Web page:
C/O Book Days – Internet is the new artist book.
Posted on May 27th, 2012
I love photo books. Who does not enjoy skipping through pages and pages of great imagery, preferably printed on large, pages exuding the smell of high quality ink and paper. Who would say no to storing photo book after photo book on their shelves, coffee tables or bedroom floors. It’s like taking an exhibition or maybe even the whole life’s work of an artist to your home, storing, viewing and exhibiting it at a place where you feel the most comfortable.
This being said, I was thrilled to head to the Book Days at C/O yesterday. I skipped through pages of amazing books, wanting to buy (but not carry) them all. It’s interesting to see in which ways photos can be represented in book form, the arrangement, the pairings of photographs on the pages, the design surrounding the imagery, the binding, the look and feel of the book jacket, the choice of the cover. There is so much other stuff added to the pictures themselves and it always seems like a tightrope walk between succeeding to represent the images in a befitting way or losing focus an overdoing it in terms of design. But sometimes even the latter works fine, if a clear decision about the core of the concept has been made and the makers of the book didn’t just go AWOL with the whole thing.
After looking at photo books and walking through the Larry Clarke exhibition, that just opened the day before and is definitely worth a visit, I sat down in the hall of the C/O and listened to a very interesting and inspiring talk by Yannick Bouillis about the Internet as the new artist book. It was just the perfect topic for me, being a concept developer for all things digital with an art history background and a deep passion for photography. Naturally, I had to take down more than just some notes during his talk and added some thoughts of my own, both of which I want to share with you.
To Yannick Bouillis, who is the founder of Offprint Paris and the Amsterdam Art Book Fair, the photo book is the primary space open to photographers to exhibit their art. Since photography is still not as widely exhibited in galleries and museums, as other forms of art, photographers resort to the photo book as their way to reach an audience and spread their work. So it’s only natural, that the most interesting and avantgarde photography would happen in the book. But in the recent years he experienced a shift in this area. The internet is starting to take over the role of the photobook. While a few years ago one would discover new photographers through the book, artists’ websites, blogs and social media are becoming more important by the day.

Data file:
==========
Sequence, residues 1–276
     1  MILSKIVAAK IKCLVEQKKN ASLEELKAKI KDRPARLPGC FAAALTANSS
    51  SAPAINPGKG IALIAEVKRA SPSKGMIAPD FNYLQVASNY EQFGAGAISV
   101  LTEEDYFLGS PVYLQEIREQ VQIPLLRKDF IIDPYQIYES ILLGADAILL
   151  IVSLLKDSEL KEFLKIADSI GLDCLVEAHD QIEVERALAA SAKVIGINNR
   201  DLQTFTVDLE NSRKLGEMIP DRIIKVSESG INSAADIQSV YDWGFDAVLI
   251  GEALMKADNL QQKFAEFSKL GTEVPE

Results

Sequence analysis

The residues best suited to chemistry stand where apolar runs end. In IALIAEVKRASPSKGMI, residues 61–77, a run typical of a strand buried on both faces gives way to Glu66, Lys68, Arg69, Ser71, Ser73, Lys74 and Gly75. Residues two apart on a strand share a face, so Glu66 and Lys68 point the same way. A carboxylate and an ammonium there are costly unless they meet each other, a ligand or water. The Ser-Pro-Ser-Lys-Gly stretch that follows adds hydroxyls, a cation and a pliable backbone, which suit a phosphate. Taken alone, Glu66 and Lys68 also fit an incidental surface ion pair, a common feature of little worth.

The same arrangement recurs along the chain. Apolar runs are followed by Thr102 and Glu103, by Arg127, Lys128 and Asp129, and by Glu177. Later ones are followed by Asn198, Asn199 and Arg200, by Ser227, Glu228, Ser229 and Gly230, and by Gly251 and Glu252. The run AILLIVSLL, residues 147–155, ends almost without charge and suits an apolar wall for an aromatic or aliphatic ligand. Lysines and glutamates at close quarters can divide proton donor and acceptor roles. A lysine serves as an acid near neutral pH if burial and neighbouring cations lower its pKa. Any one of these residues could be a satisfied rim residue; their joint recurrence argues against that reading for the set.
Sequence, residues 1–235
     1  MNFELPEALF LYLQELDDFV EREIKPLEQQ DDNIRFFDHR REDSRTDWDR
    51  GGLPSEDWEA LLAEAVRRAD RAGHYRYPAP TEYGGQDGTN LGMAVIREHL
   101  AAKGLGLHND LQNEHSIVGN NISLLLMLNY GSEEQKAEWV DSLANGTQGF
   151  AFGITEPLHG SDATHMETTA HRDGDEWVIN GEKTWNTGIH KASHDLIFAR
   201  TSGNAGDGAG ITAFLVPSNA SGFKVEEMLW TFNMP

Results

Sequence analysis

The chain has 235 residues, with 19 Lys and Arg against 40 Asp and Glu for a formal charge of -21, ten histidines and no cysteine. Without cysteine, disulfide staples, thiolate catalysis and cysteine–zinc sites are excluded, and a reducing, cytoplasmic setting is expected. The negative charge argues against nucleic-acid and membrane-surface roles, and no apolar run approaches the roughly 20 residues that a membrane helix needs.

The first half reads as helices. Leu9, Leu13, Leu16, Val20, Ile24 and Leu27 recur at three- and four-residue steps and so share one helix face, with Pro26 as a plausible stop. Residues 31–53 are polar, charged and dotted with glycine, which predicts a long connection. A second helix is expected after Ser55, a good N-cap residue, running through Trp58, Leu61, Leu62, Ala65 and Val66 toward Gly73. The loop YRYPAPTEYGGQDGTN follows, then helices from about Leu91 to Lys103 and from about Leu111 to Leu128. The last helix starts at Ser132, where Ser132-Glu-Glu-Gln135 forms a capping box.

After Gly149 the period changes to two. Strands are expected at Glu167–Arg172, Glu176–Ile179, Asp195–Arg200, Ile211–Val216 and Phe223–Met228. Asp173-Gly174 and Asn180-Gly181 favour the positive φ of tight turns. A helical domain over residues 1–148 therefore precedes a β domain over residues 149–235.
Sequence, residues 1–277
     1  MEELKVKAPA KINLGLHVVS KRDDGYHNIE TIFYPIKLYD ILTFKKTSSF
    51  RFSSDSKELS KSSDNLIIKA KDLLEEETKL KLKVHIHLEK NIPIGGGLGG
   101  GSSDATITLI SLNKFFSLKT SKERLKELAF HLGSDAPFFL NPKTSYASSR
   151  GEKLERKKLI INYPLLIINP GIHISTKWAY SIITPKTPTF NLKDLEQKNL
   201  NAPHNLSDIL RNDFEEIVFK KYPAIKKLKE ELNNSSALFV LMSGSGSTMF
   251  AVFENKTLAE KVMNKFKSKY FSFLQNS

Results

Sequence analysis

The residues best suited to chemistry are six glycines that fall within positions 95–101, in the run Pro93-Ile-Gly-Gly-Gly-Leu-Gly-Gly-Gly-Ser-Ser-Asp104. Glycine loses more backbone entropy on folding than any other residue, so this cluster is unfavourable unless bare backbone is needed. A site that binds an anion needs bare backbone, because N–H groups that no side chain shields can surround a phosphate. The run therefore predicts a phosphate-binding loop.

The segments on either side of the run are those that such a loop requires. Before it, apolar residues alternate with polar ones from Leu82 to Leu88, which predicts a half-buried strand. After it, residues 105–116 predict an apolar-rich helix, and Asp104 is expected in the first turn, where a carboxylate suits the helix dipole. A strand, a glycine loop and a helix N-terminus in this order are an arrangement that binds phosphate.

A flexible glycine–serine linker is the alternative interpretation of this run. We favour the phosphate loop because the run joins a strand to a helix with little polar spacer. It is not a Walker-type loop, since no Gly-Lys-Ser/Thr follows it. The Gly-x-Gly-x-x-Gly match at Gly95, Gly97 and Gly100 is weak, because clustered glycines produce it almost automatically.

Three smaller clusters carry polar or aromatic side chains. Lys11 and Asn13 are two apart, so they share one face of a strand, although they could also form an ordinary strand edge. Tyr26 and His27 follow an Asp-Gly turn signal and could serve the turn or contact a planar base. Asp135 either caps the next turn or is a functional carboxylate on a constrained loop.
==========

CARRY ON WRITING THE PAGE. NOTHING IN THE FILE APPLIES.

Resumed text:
Additionally, Yannick Bouillis made mention of the future of commercial photography when print becomes less important. He sees a development towards an end of photography as a business. The possibilities of moving images accompanying news items and other content on the web become more important and smartphone photography takes over the place of the photojournalist. The times of Magnum are long gone, not only because agencies are often too scared to send their photographers to areas of conflict, but also because images taken by amateurs with their smartphones often have a bigger sense of reality than images taken by a professional. Accordingly in fashion, the video and moving editorial becomes more and more relevant due to the possibilities of presentation in the digital realm. What stays according to Yannick Bouillis, is the art photographer.
Yet, the (art) photographer has to find new ways to represent his work online. Today, despite the possibilities the web has to offer, most artist websites, portfolios, and even apps or blogs remain relatively static and are often imitating the form of the photo book.
The question that arises now, is how the virtual representation of an artist can become stand out and distinguish itself from other virtual representations and the photo book. Can websites completely take over the role of the photo book and in which ways? What will happen to the photo book itself? People probably won’t stop stacking photo books on their coffee tables and book shelves very soon. I certainly would not. But, what role will the book take within the artistic development of a photographer? Will the virtual come first and then be followed by the physical? How will these representations differ and in what way has the photo book to adapt to the digital? Should we maybe even stop considering the photo book the primary inspiration for artists’ online representations, but rather take a look at museums and galleries? And: what comes after the digital?
These were all issues that popped up in my mind during and after the talk. I am really curious now about how this is going to develop in the future and how my mind will keep on pondering on these questions. I will definitely keep my eyes and ears open and it’s certain, that my long-term plan on publishing my own photo book one day – be it virtual or physical – has been enlivened and inspired by this talk.
Having said all this I have a question for you: What are your favorite online representations of photographers and their work?